CM: Your novels are steeped in period detail, slang and attitude, yet don’t stray over that treacherous line into pastiche. How do you maintain that tricky balance?At The Rap Sheet: The Story Behind the Story: “Bury Me Deep,” by Megan Abbott.
MA: It’s very hard, and I don’t always, especially on the first draft. I guess because I’ve so immersed myself in the films and the books there are certain clichés of the genre that eventually, the more you read it, stand out. When people first see film noir, they see the venetian blinds, but that’s the least-interesting part of film noir. Everyone wants to talk about Out of the Past, and I love Out of the Past, but there are so many more interesting film noirs. At a certain point, you get that kind of geek quality about it. So I’m less interested in the kitschy parts now as a reader and a film-viewer and as a writer. I’m looking for the less-trod ground. When I’m doing research, it’s my habit to look through old books and magazines and I’m really looking for the odd piece…the piece of slang you’ve never heard. The phrase you never see. I’m more fixated on the idiosyncratic.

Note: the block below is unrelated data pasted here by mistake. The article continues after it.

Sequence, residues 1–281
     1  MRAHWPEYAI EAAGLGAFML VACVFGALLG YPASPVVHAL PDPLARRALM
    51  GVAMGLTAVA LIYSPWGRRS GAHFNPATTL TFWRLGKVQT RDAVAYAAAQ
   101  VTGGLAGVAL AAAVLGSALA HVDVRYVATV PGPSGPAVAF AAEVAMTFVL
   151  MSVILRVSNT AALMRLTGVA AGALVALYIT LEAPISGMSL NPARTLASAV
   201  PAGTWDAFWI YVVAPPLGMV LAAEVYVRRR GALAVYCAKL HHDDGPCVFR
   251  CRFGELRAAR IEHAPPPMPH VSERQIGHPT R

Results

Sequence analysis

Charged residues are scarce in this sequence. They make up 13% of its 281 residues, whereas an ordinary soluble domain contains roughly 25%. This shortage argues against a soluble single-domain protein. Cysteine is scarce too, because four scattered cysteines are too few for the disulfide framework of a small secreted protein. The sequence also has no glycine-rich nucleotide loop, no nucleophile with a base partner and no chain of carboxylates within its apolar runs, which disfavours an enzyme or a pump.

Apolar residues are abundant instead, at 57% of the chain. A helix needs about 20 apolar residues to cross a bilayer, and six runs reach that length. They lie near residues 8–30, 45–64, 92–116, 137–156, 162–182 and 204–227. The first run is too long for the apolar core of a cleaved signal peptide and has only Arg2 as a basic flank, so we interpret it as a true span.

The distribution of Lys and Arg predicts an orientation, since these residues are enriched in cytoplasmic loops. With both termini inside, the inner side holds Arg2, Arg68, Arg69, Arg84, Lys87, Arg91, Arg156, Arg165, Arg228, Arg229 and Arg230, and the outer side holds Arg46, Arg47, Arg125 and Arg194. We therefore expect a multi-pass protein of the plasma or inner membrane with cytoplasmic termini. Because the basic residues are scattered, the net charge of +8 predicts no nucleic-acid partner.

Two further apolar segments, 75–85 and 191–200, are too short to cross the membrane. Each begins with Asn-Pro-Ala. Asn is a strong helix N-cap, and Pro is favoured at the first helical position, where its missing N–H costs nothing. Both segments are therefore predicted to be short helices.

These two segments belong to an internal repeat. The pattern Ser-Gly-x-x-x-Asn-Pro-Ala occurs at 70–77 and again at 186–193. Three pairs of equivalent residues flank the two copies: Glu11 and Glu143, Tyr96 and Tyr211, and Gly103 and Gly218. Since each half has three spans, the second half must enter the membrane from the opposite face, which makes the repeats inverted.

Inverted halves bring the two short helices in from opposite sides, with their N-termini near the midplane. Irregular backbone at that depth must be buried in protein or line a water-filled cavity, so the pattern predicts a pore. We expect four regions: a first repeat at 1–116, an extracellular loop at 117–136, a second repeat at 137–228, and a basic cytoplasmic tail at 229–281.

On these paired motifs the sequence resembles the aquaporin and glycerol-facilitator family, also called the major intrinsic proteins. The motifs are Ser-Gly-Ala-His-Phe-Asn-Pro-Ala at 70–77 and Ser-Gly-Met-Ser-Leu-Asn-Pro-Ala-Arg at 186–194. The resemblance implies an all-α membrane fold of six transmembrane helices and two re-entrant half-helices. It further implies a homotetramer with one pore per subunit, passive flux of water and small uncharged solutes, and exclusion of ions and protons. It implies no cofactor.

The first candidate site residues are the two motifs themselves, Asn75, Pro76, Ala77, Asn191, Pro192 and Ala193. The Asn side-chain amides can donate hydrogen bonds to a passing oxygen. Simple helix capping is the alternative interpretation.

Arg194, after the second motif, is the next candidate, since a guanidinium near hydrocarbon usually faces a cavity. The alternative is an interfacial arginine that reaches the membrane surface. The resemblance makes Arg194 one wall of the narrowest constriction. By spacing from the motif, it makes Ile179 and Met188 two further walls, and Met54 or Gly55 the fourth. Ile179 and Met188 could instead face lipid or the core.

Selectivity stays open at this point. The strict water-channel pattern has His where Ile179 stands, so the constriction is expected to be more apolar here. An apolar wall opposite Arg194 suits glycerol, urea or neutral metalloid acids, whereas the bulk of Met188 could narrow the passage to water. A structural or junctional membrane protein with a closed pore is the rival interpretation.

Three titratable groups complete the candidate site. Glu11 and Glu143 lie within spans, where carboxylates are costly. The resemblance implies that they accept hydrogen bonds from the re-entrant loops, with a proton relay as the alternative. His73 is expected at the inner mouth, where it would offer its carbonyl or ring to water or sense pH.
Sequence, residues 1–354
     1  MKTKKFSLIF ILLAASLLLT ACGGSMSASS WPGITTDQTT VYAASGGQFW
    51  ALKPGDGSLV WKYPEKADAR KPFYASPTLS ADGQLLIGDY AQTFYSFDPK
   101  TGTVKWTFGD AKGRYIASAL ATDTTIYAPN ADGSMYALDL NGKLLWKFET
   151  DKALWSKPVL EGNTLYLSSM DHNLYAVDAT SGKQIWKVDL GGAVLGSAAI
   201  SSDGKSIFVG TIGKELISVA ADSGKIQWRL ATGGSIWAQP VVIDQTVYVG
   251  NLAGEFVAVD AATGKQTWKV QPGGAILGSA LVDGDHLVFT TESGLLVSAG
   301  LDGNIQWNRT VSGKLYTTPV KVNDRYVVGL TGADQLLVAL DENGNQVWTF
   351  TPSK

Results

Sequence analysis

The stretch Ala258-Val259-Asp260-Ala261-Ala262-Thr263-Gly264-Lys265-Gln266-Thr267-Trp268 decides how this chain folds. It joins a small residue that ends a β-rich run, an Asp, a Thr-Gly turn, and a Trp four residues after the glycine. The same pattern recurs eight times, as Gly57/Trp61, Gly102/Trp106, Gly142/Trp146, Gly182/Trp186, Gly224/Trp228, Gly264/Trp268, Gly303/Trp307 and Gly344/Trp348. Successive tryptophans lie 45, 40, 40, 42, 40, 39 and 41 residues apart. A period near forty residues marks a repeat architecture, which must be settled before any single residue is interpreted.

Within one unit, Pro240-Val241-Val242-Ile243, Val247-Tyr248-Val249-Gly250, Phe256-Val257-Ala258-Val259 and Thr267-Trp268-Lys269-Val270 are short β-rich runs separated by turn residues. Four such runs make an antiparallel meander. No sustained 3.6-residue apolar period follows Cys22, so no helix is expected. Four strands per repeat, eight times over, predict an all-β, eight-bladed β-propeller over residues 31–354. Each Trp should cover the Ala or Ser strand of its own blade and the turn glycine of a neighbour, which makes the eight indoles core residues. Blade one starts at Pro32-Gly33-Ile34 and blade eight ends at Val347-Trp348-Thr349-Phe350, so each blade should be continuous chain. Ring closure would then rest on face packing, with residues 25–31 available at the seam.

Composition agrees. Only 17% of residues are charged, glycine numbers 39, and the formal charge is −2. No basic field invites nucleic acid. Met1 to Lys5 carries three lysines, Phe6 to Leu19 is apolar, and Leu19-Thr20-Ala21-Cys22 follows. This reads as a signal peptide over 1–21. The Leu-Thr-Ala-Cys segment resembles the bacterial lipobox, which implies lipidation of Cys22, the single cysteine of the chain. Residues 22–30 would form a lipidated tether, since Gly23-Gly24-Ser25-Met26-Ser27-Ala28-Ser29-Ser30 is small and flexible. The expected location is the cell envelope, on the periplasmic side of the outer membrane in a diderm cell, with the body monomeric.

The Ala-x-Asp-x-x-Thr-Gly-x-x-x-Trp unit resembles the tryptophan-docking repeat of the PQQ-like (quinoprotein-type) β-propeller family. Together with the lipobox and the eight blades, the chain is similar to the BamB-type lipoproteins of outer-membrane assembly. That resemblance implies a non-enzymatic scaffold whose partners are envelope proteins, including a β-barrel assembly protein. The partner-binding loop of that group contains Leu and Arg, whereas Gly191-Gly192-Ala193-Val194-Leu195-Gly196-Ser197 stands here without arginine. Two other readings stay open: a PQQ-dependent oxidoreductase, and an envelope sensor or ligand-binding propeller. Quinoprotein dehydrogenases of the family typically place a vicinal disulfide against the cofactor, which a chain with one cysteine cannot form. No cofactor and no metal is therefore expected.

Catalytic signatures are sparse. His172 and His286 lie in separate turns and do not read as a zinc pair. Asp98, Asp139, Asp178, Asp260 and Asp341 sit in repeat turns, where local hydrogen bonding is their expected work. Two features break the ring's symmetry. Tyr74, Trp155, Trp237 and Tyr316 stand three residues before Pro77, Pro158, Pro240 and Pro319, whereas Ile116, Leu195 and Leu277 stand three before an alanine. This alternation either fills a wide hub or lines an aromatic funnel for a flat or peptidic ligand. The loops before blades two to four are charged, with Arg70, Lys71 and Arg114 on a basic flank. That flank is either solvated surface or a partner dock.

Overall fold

CM: You’ve described yourself as a collector of “vintageware”…of men’s magazines and period advertising that inform your 1950s-set novels. What did you do differently in terms of researching Bury Me Deep, which is set in 1931?
MA: It was ...[read on]
The Page 69 Test: Bury Me Deep.